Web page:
That means, Berwick says, that we're pouring money into products that may or may not be giving us the protection we expect, while ignoring truly effective sun-protection strategies. Effective or not, sunscreens are so heavily marketed that the public often assumes that they should be our first line of defense against sun damage and the various forms of skin cancer. "Surveys show that more than anything, people rely on sunscreen," says Glanz. "And I do think that that needs to change." Berwick agrees. "Everyone wants to think that there's a magic bullet, or if they just use sunscreen, they can prevent cancer," she says. "And the industry has made a ton of money promulgating this idea."

And people may not be able to rely on dermatologists to help, as they tend to succumb to the inherent problem other doctors face, Glanz says. "People don't get enough time with the doctor, and the doctor doesn't spend as much time counseling and giving advice as is necessary to convince and even educate people about proper protection," she says, like seeking out shade and covering up with hats, long sleeves, and long pants.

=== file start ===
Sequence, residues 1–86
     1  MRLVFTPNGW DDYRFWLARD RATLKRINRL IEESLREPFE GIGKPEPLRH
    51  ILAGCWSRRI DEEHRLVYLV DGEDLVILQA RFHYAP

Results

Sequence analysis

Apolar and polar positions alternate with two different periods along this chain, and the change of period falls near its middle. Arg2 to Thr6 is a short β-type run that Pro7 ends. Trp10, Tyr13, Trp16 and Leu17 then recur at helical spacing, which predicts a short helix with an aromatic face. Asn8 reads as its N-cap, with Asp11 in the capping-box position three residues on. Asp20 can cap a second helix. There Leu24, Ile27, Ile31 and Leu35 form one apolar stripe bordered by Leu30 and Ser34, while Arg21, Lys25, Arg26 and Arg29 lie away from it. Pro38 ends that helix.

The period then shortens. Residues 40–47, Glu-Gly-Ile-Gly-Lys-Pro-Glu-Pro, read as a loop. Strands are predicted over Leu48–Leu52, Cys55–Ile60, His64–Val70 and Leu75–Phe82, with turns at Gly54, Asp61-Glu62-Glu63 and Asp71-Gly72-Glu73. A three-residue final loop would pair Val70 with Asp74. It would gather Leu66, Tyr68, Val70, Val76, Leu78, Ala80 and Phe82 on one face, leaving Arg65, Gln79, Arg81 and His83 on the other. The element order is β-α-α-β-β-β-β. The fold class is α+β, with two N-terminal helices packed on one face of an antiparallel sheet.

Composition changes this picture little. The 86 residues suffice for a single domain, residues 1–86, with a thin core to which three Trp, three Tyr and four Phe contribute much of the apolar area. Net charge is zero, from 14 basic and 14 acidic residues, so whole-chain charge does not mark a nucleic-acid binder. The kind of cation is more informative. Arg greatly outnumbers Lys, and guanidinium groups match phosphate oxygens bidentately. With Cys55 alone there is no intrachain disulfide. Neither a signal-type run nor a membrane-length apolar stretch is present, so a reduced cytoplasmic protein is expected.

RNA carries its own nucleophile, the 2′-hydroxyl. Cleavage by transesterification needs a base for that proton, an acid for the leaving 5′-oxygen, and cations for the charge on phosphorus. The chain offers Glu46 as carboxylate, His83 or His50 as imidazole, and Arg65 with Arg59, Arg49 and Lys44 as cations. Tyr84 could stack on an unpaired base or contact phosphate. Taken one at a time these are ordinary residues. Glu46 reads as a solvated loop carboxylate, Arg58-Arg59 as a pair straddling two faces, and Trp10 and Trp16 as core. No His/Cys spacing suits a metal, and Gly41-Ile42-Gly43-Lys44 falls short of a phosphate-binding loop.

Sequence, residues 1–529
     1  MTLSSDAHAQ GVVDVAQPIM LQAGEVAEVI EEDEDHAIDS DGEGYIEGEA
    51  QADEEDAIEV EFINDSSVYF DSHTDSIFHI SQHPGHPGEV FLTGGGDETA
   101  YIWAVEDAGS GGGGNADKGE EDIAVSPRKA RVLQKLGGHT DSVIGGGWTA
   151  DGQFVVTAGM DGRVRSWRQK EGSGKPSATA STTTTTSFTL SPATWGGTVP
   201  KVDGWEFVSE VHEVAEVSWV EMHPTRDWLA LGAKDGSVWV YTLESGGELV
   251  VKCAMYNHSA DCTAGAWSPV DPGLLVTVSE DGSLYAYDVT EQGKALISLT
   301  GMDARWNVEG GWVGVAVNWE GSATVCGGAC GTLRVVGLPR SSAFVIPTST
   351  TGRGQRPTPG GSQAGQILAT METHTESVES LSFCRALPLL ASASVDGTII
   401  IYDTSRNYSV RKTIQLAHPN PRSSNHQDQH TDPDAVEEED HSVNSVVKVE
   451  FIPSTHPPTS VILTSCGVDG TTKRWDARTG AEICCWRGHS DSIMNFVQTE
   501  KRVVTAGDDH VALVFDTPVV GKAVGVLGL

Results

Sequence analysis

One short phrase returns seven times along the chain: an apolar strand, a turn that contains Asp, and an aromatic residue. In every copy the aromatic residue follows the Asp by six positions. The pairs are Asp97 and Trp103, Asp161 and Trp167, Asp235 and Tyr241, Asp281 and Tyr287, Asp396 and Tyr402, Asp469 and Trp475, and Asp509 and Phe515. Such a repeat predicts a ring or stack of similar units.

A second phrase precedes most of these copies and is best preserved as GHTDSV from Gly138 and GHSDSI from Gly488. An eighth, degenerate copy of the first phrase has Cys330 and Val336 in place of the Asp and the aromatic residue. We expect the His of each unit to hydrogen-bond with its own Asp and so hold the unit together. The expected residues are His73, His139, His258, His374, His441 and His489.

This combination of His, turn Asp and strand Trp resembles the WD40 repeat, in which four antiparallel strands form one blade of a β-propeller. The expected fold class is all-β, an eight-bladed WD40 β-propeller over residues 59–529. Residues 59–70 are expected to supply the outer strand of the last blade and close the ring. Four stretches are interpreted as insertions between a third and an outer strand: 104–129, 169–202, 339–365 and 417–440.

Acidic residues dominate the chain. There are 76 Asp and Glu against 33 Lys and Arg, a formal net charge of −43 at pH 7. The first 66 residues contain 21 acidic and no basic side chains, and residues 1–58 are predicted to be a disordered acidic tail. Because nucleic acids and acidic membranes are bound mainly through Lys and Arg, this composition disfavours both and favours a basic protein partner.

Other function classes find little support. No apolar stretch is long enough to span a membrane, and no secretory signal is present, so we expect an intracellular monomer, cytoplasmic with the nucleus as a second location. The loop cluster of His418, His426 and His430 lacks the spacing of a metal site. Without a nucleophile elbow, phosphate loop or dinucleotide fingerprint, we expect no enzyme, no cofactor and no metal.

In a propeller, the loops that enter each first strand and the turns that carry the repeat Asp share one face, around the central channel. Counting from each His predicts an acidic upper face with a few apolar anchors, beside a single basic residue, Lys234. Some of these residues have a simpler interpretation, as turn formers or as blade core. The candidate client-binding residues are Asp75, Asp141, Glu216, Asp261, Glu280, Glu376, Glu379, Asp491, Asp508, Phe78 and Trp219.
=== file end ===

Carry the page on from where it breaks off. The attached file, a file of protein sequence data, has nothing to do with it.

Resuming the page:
Those measures protect everyone against the known cause of melanoma, which is intermittent sun exposure (like that experienced by people who work in offices all day and spend their weekends outdoors). "Seventy-five percent of melanoma cases occur on relatively unexposed sites, like your back or your trunk, which gives support to idea of intermittent sun exposure," Berwick says. Women get more melanomas on their legs and men get it on their backs, she adds, which see more sunlight when you're wearing casual weekend clothing. That may be because our bodies haven't built up adequate defense mechanisms. Studies on people who spend all day working outside, for instance construction workers, show no higher risk of melanoma or squamous or basal cell carcinomas than the general population. "It may be that their bodies develop a natural defense mechanism," Berwick says. "Their skin gets a little thicker and there may be DNA-repair capacity that's built up by continuous sun exposure."